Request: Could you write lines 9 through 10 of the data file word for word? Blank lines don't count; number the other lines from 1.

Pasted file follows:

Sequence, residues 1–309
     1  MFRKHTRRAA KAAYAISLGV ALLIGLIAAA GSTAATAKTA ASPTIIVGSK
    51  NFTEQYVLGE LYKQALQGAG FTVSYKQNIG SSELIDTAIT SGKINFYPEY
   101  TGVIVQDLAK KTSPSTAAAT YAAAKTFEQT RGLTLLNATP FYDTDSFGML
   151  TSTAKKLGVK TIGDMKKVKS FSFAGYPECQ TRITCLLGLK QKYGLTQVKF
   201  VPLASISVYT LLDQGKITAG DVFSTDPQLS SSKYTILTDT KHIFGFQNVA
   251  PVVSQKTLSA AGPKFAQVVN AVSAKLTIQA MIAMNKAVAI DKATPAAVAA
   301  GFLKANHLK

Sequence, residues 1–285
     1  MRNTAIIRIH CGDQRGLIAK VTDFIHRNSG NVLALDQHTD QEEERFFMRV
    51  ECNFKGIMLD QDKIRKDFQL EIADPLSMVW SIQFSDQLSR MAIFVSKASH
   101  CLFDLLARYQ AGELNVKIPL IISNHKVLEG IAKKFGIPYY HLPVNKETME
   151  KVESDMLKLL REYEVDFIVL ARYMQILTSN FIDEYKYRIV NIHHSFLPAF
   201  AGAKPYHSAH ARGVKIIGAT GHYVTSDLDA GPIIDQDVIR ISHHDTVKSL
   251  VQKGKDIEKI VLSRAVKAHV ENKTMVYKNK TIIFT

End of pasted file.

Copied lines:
Sequence, residues 1–285
     1  MRNTAIIRIH CGDQRGLIAK VTDFIHRNSG NVLALDQHTD QEEERFFMRV